Unvaccinated Residents Are 20 Times More Likely to Die of COVID-19 Than the Vaccinated
Allegheny County Health Director Dr. Debra Bogen is stressing the importance of getting vaccinated.
As the U.S. approaches the two-year mark since COVID-19 first appeared in the country, Allegheny County Health Director Dr. Debra Bogen stressed the importance of getting vaccinated — and highlighted the dangers of refusing the jab.
At a press conference on Wednesday, Bogen said unvaccinated residents in Allegheny County are 10 times more likely to be hospitalized with COVID-19 than those who are vaccinated, and they’re 20 times as likely to die from the virus.
Since June, there have been 2,600 cases among the more than 700,000 vaccinated residents, she said. In the same time, there have been 12,500 cases among the 500,000 unvaccinated.
Although the more contagious and virulent Delta variant has been linked to a greater number of “breakthrough cases” among the vaccinated population, these instances comprised only 23% of all cases in August. The majority of coronavirus infections are still occurring among the unvaccinated, who are seven to eight times as likely to contract the virus than their vaccinated counterparts.
“To be clear, the vaccines are doing their job,” Bogen said. “They’re very effective. They help protect you from serious illness, hospitalization and death.”
The Pennsylvania Department of Health also reported last week that 97% of people who died from COVID-19 since January were not vaccinated.
“This data is further proof that the vaccines are our best tool to protect ourselves against the virus, keep our children learning in schools, keep our workforce in-person, and foster social and economic recovery,” said Acting Secretary of Health Alison Beam in a press release. “Every person who chooses to get vaccinated brings us a step closer to moving past the pandemic.”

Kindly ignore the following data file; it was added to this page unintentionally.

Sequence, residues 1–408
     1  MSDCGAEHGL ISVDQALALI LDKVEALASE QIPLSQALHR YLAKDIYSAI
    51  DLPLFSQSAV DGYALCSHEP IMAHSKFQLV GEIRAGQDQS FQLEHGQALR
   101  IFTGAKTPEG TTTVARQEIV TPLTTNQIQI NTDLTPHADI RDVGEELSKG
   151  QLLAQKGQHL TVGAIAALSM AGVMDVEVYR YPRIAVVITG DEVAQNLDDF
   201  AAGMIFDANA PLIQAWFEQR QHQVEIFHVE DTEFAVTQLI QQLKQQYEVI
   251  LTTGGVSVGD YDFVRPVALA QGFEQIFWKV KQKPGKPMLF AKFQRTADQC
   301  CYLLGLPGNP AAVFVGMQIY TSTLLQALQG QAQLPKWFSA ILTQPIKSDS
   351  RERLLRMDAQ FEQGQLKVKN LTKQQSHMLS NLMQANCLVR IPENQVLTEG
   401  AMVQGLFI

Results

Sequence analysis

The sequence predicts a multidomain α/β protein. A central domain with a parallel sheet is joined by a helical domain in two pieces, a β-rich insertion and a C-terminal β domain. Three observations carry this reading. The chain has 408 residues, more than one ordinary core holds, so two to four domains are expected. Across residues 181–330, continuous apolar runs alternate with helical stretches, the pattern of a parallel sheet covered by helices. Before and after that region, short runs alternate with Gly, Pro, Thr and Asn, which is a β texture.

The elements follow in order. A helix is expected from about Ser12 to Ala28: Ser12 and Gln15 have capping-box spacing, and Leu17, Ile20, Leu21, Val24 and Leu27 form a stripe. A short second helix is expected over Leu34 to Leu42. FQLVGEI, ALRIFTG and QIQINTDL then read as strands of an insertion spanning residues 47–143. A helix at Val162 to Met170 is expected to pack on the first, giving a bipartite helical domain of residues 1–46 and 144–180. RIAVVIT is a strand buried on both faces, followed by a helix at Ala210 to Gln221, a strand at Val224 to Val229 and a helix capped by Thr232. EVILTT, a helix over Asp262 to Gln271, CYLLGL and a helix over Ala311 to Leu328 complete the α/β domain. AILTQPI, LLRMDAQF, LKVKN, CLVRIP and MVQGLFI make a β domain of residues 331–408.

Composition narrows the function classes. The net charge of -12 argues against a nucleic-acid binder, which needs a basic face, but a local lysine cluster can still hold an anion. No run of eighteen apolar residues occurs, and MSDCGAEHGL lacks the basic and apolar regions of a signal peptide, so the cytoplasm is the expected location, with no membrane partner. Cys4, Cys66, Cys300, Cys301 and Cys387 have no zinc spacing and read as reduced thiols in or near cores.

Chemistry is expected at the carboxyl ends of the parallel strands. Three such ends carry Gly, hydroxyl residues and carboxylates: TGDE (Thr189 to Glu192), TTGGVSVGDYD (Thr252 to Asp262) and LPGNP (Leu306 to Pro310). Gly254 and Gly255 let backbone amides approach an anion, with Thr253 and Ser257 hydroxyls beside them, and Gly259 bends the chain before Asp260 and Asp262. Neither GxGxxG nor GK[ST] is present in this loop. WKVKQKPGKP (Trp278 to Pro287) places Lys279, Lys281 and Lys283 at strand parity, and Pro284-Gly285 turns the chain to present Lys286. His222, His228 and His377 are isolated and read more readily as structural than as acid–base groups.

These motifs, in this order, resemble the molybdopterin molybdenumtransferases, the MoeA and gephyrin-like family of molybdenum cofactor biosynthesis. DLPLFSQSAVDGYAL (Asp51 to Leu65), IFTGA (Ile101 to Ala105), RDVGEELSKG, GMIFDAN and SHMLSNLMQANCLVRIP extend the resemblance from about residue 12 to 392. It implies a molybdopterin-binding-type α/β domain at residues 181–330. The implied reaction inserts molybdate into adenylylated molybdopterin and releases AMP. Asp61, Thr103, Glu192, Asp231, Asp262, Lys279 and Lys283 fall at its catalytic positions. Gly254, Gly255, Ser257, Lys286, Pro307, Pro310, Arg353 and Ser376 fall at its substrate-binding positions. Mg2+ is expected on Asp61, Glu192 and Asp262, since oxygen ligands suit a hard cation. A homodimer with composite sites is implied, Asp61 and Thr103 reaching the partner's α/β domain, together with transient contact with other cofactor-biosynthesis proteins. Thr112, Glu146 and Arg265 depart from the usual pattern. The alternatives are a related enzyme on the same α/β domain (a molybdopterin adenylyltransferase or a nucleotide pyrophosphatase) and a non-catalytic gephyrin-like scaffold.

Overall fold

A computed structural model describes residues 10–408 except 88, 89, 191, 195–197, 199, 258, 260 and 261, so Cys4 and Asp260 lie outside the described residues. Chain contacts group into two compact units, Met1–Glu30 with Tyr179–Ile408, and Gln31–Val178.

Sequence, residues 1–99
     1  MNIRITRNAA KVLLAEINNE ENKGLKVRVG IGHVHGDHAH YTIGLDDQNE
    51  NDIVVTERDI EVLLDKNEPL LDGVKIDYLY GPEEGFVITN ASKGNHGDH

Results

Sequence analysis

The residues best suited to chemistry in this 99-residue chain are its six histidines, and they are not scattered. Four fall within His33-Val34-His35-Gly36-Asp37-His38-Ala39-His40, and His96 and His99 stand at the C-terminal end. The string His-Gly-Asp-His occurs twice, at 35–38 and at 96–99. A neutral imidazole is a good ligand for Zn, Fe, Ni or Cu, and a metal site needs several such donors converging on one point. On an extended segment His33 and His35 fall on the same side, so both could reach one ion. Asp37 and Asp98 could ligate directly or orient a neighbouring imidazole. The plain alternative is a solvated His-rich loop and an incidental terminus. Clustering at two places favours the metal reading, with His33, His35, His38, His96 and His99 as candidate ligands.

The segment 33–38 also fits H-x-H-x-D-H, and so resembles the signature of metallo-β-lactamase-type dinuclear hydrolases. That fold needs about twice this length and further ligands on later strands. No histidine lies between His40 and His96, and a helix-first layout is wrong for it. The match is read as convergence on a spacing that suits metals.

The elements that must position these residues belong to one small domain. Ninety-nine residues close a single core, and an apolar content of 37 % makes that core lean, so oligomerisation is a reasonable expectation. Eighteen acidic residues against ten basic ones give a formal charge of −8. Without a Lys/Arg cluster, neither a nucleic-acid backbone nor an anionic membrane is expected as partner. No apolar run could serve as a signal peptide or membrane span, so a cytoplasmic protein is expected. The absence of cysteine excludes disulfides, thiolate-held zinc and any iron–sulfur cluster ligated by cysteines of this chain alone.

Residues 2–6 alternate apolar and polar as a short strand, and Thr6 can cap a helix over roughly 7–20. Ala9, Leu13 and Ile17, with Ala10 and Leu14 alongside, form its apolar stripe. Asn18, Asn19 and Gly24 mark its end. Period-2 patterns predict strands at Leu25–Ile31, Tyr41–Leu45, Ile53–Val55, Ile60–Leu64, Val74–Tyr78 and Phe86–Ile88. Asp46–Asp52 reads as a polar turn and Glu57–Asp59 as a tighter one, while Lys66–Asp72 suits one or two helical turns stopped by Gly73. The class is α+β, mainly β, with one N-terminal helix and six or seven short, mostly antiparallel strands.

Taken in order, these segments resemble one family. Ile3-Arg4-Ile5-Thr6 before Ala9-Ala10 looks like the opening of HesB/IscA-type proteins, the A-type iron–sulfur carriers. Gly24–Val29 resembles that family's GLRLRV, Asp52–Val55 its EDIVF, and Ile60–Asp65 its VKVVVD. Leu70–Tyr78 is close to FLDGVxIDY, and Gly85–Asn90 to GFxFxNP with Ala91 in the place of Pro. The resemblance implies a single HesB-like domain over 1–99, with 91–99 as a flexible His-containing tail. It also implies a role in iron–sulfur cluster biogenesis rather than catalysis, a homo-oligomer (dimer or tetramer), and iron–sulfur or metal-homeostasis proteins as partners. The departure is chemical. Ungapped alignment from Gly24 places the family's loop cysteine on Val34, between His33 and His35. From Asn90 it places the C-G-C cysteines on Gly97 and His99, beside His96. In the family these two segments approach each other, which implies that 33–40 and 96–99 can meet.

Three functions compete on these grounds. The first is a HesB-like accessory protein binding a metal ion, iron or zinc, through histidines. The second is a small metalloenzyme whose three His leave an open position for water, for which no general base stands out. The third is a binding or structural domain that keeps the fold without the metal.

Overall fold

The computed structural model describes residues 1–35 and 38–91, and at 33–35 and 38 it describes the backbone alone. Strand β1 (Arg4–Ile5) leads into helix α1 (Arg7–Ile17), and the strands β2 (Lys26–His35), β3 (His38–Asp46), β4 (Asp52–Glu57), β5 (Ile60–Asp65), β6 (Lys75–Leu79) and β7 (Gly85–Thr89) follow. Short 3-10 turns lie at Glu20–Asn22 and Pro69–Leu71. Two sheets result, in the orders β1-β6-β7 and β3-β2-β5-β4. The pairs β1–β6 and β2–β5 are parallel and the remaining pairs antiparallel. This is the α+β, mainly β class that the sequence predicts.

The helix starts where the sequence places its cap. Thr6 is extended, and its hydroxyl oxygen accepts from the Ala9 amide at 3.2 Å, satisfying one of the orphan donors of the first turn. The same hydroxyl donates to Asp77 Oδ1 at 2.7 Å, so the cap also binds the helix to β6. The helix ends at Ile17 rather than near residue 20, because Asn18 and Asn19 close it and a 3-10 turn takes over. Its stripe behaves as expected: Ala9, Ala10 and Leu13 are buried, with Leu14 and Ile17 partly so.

Daily cases continue to climb throughout the county. On Thursday, the Allegheny County Health Department reported 298 new cases. Of these, 282 are confirmed cases and 16 are probable. Six deaths occurring between Sept. 10 and Sept. 19 were also reported. Three were affiliated with long-term care facilities, and all of the deceased were among the 65+ population.
As schools resume in-person instruction and extracurriculars, infection rates have also increased within elementary school-age children not yet eligible for the vaccines. The county reported 11 cases among kids 0 to 4, 40 cases among kids 5 to 12 and 22 cases among kids 13 to 18. Bogen said not all of the cases can be linked directly to the classroom.
“Some cases are from school. Some are from extracurricular activities including school sports and other activities,” she said. “Others report traveling and attending parties during incubation periods, so it’s really from many different sources.”
Bogen added that any recommendation to close schools or return to virtual learning will come from the state, not the county.
Since March 14, 2020 there have been 117,844 cases of COVID-19 in Allegheny County residents, 8,022 hospitalizations and 2,128 deaths. Those looking for testing sites or vaccine providers can find that information, along with a breadth of other COVID-19 resources, on the county Health Department’s website.